Invoking Sessions

You can establish a local or remote session to create a persistent connection using the New-PSSession cmdlet. Unless you use the -ComputerName parameter and use it to specify the name of one or more remote computers, PowerShell assumes you are creating a session for the local computer. With New-PSSession, you must use the -Session parameter with Invoke-Command to run the command in the named session.

For example, you can establish a session by typing the following command:

$s = new-PSSession -computername Server24

Here, $s is a variable that sets the name of the session. Because you’ve used the -ComputerName parameter, PowerShell knows you are creating a remote session rather than a local session. PowerShell creates a persistent connection with the specified computer. You can then use Invoke-Command with the -Session parameter to run the command in the named session as shown in this example:

invoke-command -session $s -scriptblock {get-process}

You can just as easily establish a session with multiple computers. Simply establish the session and name all the computers. Generally, you might also need to specify your credentials using the -Credential parameter.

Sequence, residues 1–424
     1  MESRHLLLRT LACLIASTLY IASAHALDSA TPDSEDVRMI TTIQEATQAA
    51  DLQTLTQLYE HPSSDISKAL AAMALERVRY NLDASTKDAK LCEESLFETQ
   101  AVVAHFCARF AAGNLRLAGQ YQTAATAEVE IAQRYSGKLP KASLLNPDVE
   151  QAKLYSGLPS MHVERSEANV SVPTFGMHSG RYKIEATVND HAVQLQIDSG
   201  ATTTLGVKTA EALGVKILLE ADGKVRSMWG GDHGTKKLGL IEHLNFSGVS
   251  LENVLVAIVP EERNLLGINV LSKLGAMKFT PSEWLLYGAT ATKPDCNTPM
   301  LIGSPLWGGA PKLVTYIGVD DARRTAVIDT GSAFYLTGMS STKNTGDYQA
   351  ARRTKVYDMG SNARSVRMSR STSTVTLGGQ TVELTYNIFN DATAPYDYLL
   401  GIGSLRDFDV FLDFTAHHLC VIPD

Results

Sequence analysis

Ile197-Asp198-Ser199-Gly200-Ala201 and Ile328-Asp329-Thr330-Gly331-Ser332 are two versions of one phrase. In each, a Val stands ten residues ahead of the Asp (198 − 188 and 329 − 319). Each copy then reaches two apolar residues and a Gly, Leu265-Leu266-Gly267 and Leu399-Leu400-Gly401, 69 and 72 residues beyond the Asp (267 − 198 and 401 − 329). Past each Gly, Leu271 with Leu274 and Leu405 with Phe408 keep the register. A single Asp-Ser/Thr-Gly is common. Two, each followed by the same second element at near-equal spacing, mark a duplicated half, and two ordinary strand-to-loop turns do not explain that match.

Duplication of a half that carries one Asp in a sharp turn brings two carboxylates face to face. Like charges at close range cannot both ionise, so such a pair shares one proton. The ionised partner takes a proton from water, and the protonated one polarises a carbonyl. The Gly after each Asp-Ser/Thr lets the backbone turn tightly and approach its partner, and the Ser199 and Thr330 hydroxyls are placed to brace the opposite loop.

Sometimes, you’ll want to execute an application or external utility on remote computers as shown in the following example:

$comp = get-content c:\computers.txt
$s = new-pssession -computername $comp
invoke-command -session $s { powercfg.exe -energy }

Here, C:\Computers.txt is the path to the file containing the list of remote computers to check. On each computer, you run PowerCfg with the -Energy parameter. This generates an Energy-Report.html file in the default directory for the user account used to access the computer.

Working Remotely Without WinRM

Some cmdlets have a -ComputerName parameter that lets you work with a remote computer without using Windows PowerShell remoting. This means you can use the cmdlet on any computer that is running Windows PowerShell, even if the computer is not configured for Windows PowerShell remoting. These cmdlets include the following:

Add-Computer                    Clear-EventLog          Get-Counter
Get-EventLog                    Get-HotFix              Get-Process
Get-Service                     Get-WinEvent            Get-WmiObject
Limit-EventLog                  New-EventLog            Remove-Computer
Remove-EventLog                 Rename-Computer         Restart-Computer
Reset-ComputerMachinePassword   Set-Service             Show-EventLog
Stop-Computer                   Write-EventLog

Because these cmdlets don’t use remoting, you can run any of these cmdlets on a remote computer in a domain simply by specifying the name of one or more remote computers in the -ComputerName parameter. However, Windows policies and configuration settings must allow remote connections, and you must still have the appropriate credentials.